The Writer’s Almanac reminds us--as if we really needed to be reminded--that today would have been the 100th birthday of journalist-author Ian Fleming, the creator of British secret agent 007, James Bond. Garrison Keillor writes:
[Fleming] wanted to be a diplomat, but he failed the Foreign Office examination and decided to go into journalism. He worked for the Reuters News Service in London, Moscow, and Berlin, and then during World War II, he served as the assistant to the British director of naval intelligence.READ MORE: “The Enduring Charm of James Bond,” by Sandra Parshall (Poe’s Deadly Daughters); “Never Say Die: James Bond Returns to the Page” (National Public Radio).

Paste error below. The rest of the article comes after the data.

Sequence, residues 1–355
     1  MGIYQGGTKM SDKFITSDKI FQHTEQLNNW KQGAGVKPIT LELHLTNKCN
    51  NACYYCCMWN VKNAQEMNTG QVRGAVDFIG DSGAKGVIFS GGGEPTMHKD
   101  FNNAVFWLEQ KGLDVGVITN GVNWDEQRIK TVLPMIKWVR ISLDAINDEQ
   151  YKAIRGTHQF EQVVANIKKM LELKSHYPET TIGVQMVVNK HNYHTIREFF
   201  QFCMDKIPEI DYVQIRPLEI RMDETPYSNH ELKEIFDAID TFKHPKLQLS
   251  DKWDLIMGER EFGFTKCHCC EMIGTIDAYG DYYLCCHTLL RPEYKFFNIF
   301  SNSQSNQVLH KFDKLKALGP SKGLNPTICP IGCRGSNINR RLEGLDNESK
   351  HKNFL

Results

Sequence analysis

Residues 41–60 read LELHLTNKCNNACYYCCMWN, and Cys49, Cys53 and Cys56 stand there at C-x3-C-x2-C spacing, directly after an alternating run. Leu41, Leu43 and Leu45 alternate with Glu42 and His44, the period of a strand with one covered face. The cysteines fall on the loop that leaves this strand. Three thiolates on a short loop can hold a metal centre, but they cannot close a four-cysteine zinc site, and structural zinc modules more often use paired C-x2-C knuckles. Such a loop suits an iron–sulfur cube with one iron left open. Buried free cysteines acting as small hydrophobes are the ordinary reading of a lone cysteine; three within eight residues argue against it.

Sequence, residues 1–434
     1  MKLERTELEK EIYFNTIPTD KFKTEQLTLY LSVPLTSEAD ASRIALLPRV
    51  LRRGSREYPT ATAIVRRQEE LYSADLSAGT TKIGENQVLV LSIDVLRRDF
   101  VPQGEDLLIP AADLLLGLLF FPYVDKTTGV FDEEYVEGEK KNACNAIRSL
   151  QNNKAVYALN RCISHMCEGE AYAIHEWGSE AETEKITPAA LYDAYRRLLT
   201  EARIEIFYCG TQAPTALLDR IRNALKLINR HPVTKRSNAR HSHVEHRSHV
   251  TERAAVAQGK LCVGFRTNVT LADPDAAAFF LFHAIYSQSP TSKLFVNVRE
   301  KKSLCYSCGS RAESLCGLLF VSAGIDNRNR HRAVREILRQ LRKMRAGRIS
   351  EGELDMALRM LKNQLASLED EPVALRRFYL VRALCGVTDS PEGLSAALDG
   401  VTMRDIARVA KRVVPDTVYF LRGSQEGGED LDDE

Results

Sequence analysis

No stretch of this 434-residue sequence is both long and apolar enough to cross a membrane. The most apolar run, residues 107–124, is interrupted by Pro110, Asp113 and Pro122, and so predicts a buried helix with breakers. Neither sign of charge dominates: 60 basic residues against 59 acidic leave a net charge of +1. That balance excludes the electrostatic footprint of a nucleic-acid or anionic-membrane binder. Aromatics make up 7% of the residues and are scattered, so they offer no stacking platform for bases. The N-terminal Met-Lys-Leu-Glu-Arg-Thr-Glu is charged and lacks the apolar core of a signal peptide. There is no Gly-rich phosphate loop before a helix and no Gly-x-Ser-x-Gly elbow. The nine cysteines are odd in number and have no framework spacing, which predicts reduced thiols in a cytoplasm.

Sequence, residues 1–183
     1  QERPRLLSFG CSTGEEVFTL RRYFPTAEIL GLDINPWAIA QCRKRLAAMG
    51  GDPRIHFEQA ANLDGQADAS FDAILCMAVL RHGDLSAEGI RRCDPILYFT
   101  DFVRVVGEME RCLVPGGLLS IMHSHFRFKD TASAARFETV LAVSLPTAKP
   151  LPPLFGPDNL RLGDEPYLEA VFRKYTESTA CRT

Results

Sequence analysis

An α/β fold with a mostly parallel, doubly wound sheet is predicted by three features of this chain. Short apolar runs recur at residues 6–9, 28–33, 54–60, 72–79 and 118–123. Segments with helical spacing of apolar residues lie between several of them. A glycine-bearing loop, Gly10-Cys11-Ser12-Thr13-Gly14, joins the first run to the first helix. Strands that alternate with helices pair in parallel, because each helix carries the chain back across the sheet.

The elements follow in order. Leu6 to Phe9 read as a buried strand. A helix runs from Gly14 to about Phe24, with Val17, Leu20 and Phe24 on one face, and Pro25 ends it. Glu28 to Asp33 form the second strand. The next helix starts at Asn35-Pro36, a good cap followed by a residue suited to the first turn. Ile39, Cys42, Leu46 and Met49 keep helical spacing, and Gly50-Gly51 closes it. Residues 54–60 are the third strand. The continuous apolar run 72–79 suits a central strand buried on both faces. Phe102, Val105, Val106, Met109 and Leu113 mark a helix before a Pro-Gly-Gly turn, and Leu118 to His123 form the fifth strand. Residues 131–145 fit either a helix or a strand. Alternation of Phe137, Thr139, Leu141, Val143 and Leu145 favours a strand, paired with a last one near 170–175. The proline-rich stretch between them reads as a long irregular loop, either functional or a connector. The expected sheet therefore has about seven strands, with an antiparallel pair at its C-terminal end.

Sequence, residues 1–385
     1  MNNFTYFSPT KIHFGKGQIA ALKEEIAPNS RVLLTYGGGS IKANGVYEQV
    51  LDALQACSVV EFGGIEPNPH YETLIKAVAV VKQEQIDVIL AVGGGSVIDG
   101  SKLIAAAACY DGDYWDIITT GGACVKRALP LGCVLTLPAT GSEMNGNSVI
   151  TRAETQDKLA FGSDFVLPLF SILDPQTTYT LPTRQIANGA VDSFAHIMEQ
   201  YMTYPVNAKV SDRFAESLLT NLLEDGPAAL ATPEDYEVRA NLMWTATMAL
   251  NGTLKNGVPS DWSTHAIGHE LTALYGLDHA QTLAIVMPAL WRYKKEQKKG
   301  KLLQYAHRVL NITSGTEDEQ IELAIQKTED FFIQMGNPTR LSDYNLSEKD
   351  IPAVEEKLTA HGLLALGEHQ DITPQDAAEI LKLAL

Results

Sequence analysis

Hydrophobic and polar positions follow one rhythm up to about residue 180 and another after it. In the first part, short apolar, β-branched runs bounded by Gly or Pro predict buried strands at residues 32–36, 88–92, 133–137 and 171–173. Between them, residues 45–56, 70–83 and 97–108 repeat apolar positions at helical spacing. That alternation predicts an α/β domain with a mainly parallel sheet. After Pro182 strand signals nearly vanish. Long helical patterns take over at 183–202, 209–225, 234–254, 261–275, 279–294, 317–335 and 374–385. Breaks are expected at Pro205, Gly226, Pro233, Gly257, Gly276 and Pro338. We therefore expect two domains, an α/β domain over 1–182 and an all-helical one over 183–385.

After the war, he bought a house in Jamaica, where he spent his time fishing and gambling and bird watching. He started to get bored, so he decided to try writing a novel about a secret agent. He named the agent James Bond after the author of a bird-watching book. Fleming said, “James Bond is ... the feverish dreams of the author of what he might have been--bang, bang, bang, kiss, kiss, that sort of stuff. It’s what you would expect of an adolescent mind--which I happen to possess.”
The first Bond novel, Casino Royale (1953), sold about 7,000 copies, and Fleming followed it with four more that sold less and less well. Critics said he was good at writing about places, but that was about it. Fleming had a newborn son at home, and he was disappointed that these books weren’t making more money to help support the family, so for his next Bond story, he wrote the book specifically for the movies. He filled it with more psychopaths and beautiful women than usual. No one in the movie industry was interested at the time, but the novel From Russia, with Love (1957) became a huge international best seller.